If the mark of a good compromise is that no one party is completely happy, then the deadlock-breaking agreement announced Friday among Minnesota House and Senate leaders and Gov. Jesse Ventura is indeed a good one.
Democrats wanted more spending on education and other programs. Republicans wanted to see more tax cuts. Ventura wanted considerably less spent on education than either the House or the Senate. There will likely be some grumbling heard from politicians of all persuasions but overall, the agreement does a nice job of blending elements of some distinct political positions into a nice compromise package.
The alternative to the compromise would have been a government shutdown on July 1. The prospect of no funding for key state programs would have been a political disaster for everyone involved. It would have antagonized legions of Minnesota voters, who probably would have called for the heads of all incumbents running in 2002 to punish their bullheadedness.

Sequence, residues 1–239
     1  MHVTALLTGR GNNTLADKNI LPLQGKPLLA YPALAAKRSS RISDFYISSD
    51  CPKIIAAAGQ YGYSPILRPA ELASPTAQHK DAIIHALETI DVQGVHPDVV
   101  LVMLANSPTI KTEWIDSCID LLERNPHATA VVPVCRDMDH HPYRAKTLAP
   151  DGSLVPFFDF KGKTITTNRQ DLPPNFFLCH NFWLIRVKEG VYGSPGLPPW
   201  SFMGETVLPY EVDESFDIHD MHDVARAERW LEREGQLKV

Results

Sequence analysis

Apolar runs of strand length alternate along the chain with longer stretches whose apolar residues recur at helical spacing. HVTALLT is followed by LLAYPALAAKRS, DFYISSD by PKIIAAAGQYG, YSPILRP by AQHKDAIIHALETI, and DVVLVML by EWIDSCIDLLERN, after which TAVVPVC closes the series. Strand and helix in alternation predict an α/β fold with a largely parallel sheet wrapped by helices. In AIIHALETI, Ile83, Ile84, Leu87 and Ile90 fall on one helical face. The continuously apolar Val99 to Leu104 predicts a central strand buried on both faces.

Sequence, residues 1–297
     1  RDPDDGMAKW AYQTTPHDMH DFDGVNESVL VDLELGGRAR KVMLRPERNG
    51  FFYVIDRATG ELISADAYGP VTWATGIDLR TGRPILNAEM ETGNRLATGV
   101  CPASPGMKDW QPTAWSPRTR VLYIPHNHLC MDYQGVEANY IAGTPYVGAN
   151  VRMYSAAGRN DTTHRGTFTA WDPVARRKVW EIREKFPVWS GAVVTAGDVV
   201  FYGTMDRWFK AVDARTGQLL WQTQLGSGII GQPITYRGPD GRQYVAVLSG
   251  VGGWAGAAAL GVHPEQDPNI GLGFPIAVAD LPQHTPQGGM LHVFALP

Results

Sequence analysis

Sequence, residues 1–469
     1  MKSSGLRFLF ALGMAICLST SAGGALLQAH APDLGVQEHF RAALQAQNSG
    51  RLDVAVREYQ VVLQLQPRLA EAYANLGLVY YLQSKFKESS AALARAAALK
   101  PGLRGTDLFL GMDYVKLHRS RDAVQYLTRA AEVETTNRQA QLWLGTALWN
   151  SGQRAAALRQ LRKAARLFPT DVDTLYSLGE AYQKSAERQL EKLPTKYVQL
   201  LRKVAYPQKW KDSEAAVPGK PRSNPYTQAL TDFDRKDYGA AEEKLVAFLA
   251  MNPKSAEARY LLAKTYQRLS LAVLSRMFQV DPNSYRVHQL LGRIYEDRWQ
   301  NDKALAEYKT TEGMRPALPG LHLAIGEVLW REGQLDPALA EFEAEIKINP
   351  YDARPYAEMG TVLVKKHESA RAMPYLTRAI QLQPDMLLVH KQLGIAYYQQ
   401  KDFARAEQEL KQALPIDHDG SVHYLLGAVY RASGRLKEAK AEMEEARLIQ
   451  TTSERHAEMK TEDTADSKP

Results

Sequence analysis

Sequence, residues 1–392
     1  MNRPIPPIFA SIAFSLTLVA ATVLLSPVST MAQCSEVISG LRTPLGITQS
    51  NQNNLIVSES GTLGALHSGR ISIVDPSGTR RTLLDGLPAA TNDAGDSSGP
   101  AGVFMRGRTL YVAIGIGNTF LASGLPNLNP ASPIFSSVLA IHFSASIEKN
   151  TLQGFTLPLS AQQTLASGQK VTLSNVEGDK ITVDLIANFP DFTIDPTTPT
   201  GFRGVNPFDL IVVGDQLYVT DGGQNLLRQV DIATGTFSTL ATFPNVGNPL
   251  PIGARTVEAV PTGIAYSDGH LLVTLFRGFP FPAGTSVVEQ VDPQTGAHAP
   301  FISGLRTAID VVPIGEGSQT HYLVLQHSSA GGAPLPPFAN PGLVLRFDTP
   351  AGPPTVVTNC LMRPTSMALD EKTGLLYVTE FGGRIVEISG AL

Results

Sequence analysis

The best aspect of the agreement is that the Legislature didn't let a prime opportunity for substantial property tax reform slip through its fingers. The tax rate on every type of property was decreased and the state's traditionally high commercial and industrial taxes were lowered enough so that Minnesota Chamber of Commerce officials predicted the state will no longer rank in the top 10 in business property taxes.
Ventura and House and Senate leaders realized the time had come to make a deal. They should be credited for their common sense.
It wasn't easy and it wasn't perfect but the eventual package reached by Ventura and the House and Senate leaders is one that is going to please most Minnesotans. Of course, skeptics would counter, when a state has the good fortune of being able to offer voters a tax rebate of $856 million it should be easy to keep the citizens content.
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